The microwave buzzes as does the air around us. We stand across from each other, Dad on one side of the counter, me on the other. We are poised for these 10 seconds in time, spoons in hand. The ice cream has been put back in the freezer, the chocolate syrup back in the fridge. The only thing left to do, is wait.
This is our tradition. We melt our vanilla ice cream with chocolate sauce. Not to a milkshake consistency, just for a little softness. It's easier on Dad's sensitive teeth and I just like whatever my dad likes.
The back deck is the place for ice cream. A summer night is the best time. We each have a chair, sit back far, and a there's a homemade bench for leg-propping. Ice cream bowls held with left-hand against chests, we slowly slurp spoonful after spoonful and look up at the stars. The Dipper is ours – really, either one – it's ours. Just mine and my Dad's. The first time I stayed away from home, he told me to look up into the sky and that if we could both see the Dipper, then we couldn't be that far away from each other. That has worked from slumber party, to summer camp, to New York City.
I miss my dad a lot. His corny jokes, “Knock knock” - “Who's there?” - “Hotch.” - “Hotch who?” - “God bless you,” he says with a grin.
My dad is solid, was Room Father in second grade and then in third grade, he brought coins from Africa and gave them to my entire class! At my 10 year reunion, Lorie Perraut told me she still had hers. My dad took a job on 3rd shift when I got to Middle School and our time was a little cut into. We left Post-Its for each other every day. He got home in the morning in time to put us on the bus and then tried to sleep while we were at school. Pretty hard task for a country boy who's whole life has been 4:30am wake-up calls to milk the cows. My dad aged and tired right in front of our eyes in those send-me-to-college years... in those put-clothes-on-my-back years and food-on-our-table years. A retired man now, he's a cowboy again, romping over our farm on a 4-wheeler with my Uncle Jeff as they check their cattle and keep an eye on the “neighbors”... you know, the ones crowding in on the “back ten”... acres, that is.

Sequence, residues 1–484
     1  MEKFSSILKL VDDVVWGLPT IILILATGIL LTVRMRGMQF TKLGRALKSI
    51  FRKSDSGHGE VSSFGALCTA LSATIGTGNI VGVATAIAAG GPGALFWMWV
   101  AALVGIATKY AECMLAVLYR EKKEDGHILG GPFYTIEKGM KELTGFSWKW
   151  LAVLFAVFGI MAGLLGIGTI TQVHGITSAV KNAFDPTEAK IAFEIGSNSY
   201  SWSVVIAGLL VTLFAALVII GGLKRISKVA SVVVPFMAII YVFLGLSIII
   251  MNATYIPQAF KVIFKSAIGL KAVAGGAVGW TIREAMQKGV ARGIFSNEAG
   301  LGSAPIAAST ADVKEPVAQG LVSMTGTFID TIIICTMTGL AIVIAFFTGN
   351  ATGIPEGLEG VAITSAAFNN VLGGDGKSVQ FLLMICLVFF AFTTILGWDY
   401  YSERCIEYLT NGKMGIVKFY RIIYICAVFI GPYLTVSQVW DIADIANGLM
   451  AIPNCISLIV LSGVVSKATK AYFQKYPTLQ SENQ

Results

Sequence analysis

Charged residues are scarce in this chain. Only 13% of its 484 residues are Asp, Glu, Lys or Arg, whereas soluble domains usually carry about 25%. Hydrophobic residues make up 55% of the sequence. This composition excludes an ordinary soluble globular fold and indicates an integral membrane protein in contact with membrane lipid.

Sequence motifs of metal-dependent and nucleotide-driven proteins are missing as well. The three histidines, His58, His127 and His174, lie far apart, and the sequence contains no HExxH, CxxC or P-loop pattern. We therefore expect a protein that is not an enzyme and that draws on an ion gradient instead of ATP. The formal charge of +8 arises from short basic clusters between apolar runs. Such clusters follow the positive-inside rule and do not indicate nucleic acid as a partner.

My dad nodded off in church every Sunday during those years, but he didn't miss often. Religion by osmosis maybe, but we could never beg off since he never did.
My dad stayed up with me til sunrise one winter night when I woke up screaming. I was 100% sure that a rapist was in my closet. The dream was so real and I swore I saw a face. My dad checked it out – all it really took was turning on the lights – but he saw how shaken I was, blankets tucked up tightly under my chin. He made ice cream, our way, and we ate it in the living room. Stood with our backs to the wood-burning stove, the heat pressing up against our backsides and thighs. (I like to take the heat as long as possible and then run to the couch and sit down, feel it run up my spine, glorious.) We talked until dawn that night... talked about life, about death, about jealous girls, and boys' initials on my notebooks... about what I want to be when I grow up... about growing up.
With my dad, I feel safe and taken care of and worth his time.
I always look forward to ice cream a la Dad. We hold our bowls to our lips and slurp up the very last bit of chocolately goodness. And we smile. Contented. The company sweeter than the confection.